The dehumanizing effect of religion

Many people believe that religion can cause the best qualities of humanity to be expressed: compassion, empathy, humility. And in many cases, they’re right.

Sometimes, though, religion has the opposite effect: it can dehumanize. Perhaps the best example is the idea, promoted by some brands of Christianity, that humans have little to no inherent value. That any good thing they do is because God caused them to do it (I talk about this more in my essay on religion).

I was reminded again of the potentially dehumanizing influence of religion when reading about a new manual published by the Mormon church. It’s aim is to encourage parents not to reject and disown their gay, lesbian or transgender children. The fact that such a manual is even needed in the first place is shocking. Apparently many Mormon LGBT children, on confessing their sexual orientation to their parents, are effectively thrown out the house. Many go on to commit (or attempt) suicide.

So now Mormons have to be told mind-bogglingly obvious things like “Parents’ attitudes can have a dramatic impact on their gay and transgender children’s lives”. You don’t say!

And, “Open communication between parents and children is a clear expression of love, and pure love, generously expressed, can transform family ties.” Who would have thought!

Clearly Mormonism has, in many families, stripped parents of their common sense when it comes to parenting, and now they have to be reminded of the basics. This is what happens when you place dogma (in this case, bigoted dogma) ahead of people’s well-being. It’s fundamentally dehumanizing.

The same can be said about the horrific rant (some call it a “sermon”) of Sean Harris, a pastor in North Carolina, in which he advocated that parents “punch” their sons if they exhibit effeminate behavior.  Harris’s beliefs have stripped him of the basic human qualities of compassion and empathy and have put violent authoritarianism in their place.

We should all try to be aware of the effect we’re having on other people’s emotional lives, no matter who those people are, and no matter how much we may disagree with their sexual orientation and other characteristics. Unfortunately, religion sometimes makes people lose sight of that, instead of making them better at it.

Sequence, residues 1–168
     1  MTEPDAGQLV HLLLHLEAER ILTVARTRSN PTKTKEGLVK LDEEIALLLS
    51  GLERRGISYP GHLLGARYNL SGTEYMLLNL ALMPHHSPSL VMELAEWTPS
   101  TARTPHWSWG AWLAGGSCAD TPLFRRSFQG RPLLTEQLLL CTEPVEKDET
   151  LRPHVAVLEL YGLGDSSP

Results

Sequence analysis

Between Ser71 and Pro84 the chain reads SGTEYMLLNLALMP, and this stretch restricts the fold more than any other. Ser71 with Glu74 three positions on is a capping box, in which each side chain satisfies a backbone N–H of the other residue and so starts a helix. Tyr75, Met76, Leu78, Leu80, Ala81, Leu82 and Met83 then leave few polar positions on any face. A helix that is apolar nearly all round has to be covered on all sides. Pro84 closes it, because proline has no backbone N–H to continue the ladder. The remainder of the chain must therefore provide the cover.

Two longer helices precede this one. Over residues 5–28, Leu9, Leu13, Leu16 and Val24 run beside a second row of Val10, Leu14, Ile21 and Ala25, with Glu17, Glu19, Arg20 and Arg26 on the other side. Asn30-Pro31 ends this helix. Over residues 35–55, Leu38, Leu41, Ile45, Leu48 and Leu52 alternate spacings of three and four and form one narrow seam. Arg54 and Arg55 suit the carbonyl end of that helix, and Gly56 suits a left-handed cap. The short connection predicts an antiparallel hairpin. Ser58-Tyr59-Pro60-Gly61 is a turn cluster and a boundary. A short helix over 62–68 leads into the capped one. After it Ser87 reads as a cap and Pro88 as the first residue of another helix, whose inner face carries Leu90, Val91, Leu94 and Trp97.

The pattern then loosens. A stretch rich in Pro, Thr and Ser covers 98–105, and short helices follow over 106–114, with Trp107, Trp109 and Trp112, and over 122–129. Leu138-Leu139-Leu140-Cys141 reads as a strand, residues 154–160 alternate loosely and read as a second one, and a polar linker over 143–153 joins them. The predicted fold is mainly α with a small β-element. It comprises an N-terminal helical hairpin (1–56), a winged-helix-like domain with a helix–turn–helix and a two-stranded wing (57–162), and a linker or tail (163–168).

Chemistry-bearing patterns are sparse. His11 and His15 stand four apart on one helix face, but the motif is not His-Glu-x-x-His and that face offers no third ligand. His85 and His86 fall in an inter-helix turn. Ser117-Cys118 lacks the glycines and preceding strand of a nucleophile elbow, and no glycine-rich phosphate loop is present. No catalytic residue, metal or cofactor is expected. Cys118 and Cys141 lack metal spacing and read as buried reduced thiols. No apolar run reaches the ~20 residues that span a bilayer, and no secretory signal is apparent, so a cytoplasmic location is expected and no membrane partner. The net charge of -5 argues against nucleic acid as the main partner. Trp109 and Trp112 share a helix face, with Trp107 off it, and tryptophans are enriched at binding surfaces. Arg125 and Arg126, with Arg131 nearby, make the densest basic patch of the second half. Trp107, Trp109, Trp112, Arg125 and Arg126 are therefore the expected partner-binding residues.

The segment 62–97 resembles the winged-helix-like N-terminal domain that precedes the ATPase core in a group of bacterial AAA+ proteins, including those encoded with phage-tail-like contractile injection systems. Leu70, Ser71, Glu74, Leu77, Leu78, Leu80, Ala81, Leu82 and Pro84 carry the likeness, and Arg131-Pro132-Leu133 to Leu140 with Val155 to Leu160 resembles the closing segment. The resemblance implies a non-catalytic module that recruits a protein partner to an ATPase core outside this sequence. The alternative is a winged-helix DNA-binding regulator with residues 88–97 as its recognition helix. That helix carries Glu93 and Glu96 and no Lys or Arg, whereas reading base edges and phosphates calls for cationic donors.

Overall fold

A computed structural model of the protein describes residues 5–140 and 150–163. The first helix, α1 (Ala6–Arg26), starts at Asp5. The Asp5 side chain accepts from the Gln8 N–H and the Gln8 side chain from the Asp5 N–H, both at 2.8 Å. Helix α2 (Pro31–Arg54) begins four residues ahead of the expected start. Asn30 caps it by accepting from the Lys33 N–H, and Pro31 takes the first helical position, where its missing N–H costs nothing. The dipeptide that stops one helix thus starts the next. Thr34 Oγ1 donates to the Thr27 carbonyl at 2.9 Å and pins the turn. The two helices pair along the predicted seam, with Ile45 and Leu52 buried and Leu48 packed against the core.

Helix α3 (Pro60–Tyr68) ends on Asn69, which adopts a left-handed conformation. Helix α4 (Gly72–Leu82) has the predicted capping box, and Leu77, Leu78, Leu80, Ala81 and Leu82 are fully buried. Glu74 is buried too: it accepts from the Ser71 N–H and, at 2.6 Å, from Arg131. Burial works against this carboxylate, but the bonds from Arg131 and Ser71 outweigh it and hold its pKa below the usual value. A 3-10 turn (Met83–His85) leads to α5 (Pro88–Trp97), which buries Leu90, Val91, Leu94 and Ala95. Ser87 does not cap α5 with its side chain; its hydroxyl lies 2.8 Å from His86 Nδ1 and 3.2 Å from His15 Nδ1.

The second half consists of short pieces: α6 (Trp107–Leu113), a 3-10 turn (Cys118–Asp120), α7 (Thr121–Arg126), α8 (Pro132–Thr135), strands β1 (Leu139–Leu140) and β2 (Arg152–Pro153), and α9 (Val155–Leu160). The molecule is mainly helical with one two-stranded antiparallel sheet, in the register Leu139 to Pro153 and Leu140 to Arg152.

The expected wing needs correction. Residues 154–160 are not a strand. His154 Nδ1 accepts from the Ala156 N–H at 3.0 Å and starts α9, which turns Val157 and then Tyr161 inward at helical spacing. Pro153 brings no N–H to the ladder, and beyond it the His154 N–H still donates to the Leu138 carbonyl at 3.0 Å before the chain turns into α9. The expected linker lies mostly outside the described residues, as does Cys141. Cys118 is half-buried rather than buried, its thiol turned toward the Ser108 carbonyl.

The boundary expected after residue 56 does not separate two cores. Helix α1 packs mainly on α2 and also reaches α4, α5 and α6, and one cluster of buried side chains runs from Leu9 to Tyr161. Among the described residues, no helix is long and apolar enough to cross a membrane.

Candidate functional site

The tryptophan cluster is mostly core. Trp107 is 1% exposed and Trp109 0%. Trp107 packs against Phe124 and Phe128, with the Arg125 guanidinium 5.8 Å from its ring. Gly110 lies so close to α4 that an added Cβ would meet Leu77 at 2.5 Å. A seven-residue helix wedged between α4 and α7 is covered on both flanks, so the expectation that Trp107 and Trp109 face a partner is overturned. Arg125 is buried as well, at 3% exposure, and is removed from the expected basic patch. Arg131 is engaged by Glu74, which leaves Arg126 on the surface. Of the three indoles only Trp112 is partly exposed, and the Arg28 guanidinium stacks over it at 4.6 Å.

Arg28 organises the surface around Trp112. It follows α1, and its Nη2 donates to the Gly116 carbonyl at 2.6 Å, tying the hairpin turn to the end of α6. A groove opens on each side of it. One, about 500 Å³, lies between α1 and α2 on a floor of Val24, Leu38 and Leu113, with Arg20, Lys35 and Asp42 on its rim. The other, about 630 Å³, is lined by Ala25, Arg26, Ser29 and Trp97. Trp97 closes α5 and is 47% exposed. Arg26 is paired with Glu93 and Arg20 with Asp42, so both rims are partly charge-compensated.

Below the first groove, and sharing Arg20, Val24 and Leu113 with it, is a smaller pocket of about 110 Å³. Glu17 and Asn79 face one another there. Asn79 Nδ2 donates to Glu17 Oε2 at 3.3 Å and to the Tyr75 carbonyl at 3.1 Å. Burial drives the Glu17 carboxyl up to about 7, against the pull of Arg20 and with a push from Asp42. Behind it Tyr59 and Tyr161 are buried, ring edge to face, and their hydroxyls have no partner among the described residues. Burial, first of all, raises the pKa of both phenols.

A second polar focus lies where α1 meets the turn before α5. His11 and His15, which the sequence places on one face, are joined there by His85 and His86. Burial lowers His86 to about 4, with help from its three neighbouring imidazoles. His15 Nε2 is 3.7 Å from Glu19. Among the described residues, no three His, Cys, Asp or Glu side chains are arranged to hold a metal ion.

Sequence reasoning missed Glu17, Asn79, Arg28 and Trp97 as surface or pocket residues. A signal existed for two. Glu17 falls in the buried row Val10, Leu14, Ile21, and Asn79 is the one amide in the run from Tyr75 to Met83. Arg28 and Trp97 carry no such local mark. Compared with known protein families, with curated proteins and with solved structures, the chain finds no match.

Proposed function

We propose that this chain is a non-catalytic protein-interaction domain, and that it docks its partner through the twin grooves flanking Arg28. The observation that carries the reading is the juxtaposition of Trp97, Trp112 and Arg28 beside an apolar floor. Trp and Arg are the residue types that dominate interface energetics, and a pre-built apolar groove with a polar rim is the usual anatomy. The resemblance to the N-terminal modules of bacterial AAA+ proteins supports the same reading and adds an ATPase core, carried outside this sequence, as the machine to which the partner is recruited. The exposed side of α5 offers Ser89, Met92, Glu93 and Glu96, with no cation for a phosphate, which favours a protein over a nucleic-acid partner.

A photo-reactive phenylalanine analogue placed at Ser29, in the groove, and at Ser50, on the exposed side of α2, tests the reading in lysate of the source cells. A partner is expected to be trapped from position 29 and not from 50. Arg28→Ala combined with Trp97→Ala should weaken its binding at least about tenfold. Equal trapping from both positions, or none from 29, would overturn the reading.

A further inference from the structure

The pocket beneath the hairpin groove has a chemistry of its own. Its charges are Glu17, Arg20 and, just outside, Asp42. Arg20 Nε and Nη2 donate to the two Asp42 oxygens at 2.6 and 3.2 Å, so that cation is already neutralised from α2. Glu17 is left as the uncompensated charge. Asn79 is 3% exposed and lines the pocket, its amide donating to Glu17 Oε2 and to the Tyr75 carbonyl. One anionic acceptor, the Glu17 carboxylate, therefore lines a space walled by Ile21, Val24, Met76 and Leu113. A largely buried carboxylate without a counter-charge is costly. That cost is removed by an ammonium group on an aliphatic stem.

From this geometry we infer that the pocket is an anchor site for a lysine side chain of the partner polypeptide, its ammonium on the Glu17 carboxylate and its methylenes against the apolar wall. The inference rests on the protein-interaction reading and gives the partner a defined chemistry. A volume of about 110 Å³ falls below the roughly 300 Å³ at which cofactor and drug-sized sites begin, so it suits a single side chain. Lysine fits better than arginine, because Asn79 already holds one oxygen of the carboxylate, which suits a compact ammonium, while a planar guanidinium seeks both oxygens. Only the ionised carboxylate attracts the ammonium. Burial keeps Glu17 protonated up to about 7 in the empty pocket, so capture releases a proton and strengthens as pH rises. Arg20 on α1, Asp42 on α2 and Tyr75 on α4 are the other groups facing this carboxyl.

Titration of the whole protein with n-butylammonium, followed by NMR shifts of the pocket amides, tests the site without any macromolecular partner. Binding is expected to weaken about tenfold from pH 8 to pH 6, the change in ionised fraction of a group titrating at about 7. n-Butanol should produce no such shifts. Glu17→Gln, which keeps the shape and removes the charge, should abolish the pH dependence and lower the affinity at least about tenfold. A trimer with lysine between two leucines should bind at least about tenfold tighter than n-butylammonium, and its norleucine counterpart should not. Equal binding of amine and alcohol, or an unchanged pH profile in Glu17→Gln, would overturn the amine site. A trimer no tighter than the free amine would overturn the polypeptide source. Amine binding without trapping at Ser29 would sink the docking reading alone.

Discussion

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3 Responses to The dehumanizing effect of religion

  1. I disgree, Keith. Religion doesn’t make these people act in this way; extremist irrationality makes these people act in this way. You cannot blame a belief system for the few who take the belief system’s intent completely out of context. You are demonizing an entire belief because of the few who would be better served going to counseling and working on empathy, compassion, etc.

  2. Keith says:

    Warrioress: I don’t expect you to agree with me that your own belief system is irrational, but in my opinion many aspects of it are, which is why I am no longer a believer.

    “You are demonizing an entire belief because of the few who would be better served going to counseling and working on empathy, compassion, etc.”

    I am not demonizing an entire belief. Please read my post again. I am very careful to use words like “sometimes” and “potentially”. The dehumanizing effect I discuss here is most certainly not applicable to any entire belief system.

  3. L.Long says:

    Well Keith I do believe that they are all dehumanizing in over all effect, you are being to kind. Yes there are some sects that ignore the parts they do not like and talk about love and peace. But the Holey Texts are all about GAWD and what IT wants and wishes. Lying is a good example as the text says DO NOT LIE or go to hell. But everyone lies and sometimes for good human reasons. But you have to ignore the dogma to do the lie for human reasons and if you follow the dogma for gawd reasons then humans get the shaft.

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